From BR Bullpen
Lawrence Robert Bowa
- Bats Both, Throws Right
- Height 5' 10", Weight 155 lb.
- School Sacramento City College
- High School McClatchy High School
- Debut April 7, 1970
- Final Game October 6, 1985
- Born December 6, 1945 in Sacramento, CA USA
 Biographical Information
".. A helluva coach. A great field manager. God, what a dickhead. I thought he was the biggest asshole in the United States of America. Of course, there are still days when I think that, but only some days. Not every day like before. Oh yeah, one more thing. The best thing that ever happened to me in my career was him becoming my manager" - John Kruk in I Ain't An Athlete Lady...'
Larry Bowa had the first ever hit at Veterans Stadium in Philadelphia, PA on April 10, 1971. Bowa took over the Philadelphia Phillies' shortstop position from Don Money in 1970 and stayed there for a dozen seasons. A fine fielder who won two Gold Gloves, the switch-hitting Bowa also hit .260 for his career and stole 318 bases. He was the shortstop on the Phillies' 1980 World Championship team, hitting .375 in the Series against the Kansas City Royals. After the Phillies had a poor second half in 1981 and were defeated by the Montreal Expos in the NLDS, they made important changes to the club, including getting rid of Bowa (along with C Bob Boone and RF Bake McBride). In one of the biggest steals of all time, he was traded to the Chicago Cubs along with minor leaguer Ryne Sandberg for shortstop Ivan DeJesus after that season. Bowa was the shortstop for the 1984 division-winning Cubs team that lost to the San Diego Padres in the NLCS, while Sandberg of course went on to have a Hall of Fame career with the Cubs. Bowa finished his career with the New York Mets in 1985.
Bowa's playing record compares well with such Hall of Fame shortstops as Rabbit Maranville and may qualify him for election to Baseball's Hall of Fame by the Veterans Committee; Bowa failed to win the support of the Baseball Writers Association of America receiving 2.5% of the vote in 1991 and falling off the ballot.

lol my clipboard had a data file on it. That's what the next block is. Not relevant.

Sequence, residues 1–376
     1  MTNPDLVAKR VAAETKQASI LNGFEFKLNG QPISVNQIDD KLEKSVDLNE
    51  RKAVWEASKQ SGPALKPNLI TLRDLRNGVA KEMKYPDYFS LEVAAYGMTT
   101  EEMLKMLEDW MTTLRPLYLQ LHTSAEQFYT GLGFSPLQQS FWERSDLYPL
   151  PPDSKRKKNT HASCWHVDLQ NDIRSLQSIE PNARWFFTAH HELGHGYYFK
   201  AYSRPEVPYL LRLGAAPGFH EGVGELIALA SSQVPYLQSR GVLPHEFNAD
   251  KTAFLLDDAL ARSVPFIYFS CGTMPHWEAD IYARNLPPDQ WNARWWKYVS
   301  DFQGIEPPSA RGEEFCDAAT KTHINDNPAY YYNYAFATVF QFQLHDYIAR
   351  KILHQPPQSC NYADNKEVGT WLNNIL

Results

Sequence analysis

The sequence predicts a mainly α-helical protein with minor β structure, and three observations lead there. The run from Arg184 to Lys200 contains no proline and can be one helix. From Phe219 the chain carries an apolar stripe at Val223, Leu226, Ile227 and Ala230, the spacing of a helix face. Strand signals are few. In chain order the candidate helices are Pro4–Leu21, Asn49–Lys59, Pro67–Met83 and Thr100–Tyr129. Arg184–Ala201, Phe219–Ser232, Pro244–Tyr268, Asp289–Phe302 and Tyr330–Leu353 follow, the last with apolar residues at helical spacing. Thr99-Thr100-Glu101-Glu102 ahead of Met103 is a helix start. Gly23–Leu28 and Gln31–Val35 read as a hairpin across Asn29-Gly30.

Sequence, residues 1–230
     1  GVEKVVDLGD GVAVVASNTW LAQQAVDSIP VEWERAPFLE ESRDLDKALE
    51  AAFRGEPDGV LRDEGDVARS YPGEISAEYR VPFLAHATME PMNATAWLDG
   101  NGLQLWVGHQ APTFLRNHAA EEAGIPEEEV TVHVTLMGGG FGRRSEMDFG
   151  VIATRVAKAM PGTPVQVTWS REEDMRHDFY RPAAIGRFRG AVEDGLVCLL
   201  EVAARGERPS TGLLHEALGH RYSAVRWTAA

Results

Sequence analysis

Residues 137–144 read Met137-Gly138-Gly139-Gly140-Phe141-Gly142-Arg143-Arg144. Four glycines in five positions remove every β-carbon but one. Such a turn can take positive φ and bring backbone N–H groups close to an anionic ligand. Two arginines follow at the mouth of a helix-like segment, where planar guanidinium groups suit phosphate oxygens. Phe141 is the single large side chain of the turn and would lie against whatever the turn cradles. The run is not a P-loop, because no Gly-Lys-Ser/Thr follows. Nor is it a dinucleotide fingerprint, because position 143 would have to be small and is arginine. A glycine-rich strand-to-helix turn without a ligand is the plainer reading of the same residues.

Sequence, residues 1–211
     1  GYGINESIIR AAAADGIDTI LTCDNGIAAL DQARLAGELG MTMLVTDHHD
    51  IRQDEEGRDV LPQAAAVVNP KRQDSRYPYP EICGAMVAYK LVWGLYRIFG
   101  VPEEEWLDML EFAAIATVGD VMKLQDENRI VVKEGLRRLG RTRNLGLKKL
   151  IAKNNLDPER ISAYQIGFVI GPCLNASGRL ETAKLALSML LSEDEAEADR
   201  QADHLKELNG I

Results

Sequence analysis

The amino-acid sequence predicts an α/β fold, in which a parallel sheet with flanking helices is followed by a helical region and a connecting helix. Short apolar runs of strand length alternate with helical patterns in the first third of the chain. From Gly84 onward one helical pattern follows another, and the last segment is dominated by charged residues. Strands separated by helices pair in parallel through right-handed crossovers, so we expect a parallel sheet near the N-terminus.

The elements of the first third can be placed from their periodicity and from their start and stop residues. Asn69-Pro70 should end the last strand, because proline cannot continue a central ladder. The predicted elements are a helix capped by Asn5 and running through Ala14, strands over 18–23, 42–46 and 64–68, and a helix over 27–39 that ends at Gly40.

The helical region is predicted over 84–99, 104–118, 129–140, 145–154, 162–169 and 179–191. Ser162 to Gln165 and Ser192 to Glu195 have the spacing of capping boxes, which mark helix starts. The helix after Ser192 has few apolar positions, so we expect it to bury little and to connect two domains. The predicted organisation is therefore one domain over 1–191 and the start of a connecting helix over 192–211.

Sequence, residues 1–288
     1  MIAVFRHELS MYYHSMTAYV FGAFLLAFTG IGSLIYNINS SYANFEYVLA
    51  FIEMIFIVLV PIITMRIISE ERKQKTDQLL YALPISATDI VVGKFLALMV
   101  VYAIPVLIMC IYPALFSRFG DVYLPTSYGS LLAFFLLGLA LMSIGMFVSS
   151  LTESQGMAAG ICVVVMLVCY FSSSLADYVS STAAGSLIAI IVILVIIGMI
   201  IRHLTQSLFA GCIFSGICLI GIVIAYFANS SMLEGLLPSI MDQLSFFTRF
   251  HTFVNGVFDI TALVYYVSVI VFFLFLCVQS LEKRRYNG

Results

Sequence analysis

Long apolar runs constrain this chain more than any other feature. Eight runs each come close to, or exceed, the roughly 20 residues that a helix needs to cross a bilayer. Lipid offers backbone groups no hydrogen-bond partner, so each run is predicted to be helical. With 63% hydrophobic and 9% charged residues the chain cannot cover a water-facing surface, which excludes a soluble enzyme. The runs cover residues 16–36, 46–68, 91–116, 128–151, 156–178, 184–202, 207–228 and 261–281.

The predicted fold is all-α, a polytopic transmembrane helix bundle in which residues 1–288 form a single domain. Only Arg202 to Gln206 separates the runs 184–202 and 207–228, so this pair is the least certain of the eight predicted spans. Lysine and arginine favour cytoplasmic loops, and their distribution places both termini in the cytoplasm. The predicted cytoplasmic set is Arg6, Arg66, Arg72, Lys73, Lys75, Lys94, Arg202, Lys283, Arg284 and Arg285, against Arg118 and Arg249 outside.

He is a baseball lifer, having spent 38 of the last 40 seasons in organized baseball. He has made the following stops.
- Philadelphia Phillies, player, 1966-1969 (minors), 1970-1981 (majors)
- Chicago Cubs, player, 1982-1985
- New York Mets, player, 1985
- Las Vegas Stars (Pacific Coast League), manager, 1986
- San Diego Padres, manager, 1987-1988
- Philadelphia Phillies, coach, 1989-1996
- Anaheim Angels, Third base coach, 1997-1999
- Seattle Mariners, Third base coach, 2000
- Philadelphia Phillies, manager, 2001-2004
- ESPN, analyst, 2005
- XM Radio, analyst, 2005
- New York Yankees, Third base coach, 2006-2007
- Los Angeles Dodgers, Third base coach, 2008-2010
- MLB Network, analyst, 2011
- Team USA, bench coach at the 2013 World Baseball Classic
His first Baseball Card appearance was in the 1970 Topps set. He is the son of Paul Bowa, a minor league infielder and manager, the nephew of Frank Bowa, a minor league infielder, and the uncle of Nick Johnson.
Following the 1980 World Series, Bowa appeared with four of his Phillies teammates on Family Feud for one week in 1980. He, Del Unser, Mike Schmidt, Dick Ruthven and Garry Maddox played against five members of the Kansas City Royals: John Wathan, Willie Wilson, Paul Splittorff, Dan Quisenberry and Dennis Leonard.
 Notable Achievements
- 1970 Topps All-Star Rookie Team
- 5-time NL All-Star (1974-1976, 1978 & 1979)
- 2-time NL Gold Glove Winner (1972 & 1978)
- NL At Bats Leader (1971)
- NL Singles Leader (1978)
- NL Triples Leader (1972)
- Won a World Series with the Philadelphia Phillies in 1980
- NL Manager of the Year Award (2001)
|San Diego Padres Manager
|Philadelphia Phillies Manager
 Year-By-Year Managerial Record
|1986||Las Vegas Stars||Pacific Coast League||80-70||3rd||San Diego Padres||League Champs|
|1987||San Diego Padres||National League||65-97||6th||San Diego Padres|
|1988||San Diego Padres||National League||16-30||--||San Diego Padres||replaced by Jack McKeon on May 28|
|2001||Philadelphia Phillies||National League||86-76||2nd||Philadelphia Phillies|
|2002||Philadelphia Phillies||National League||80-81||3rd||Philadelphia Phillies|
|2003||Philadelphia Phillies||National League||86-76||3rd||Philadelphia Phillies|
|2004||Philadelphia Phillies||National League||85-75||--||Philadelphia Phillies||replaced by Gary Varsho on October 2|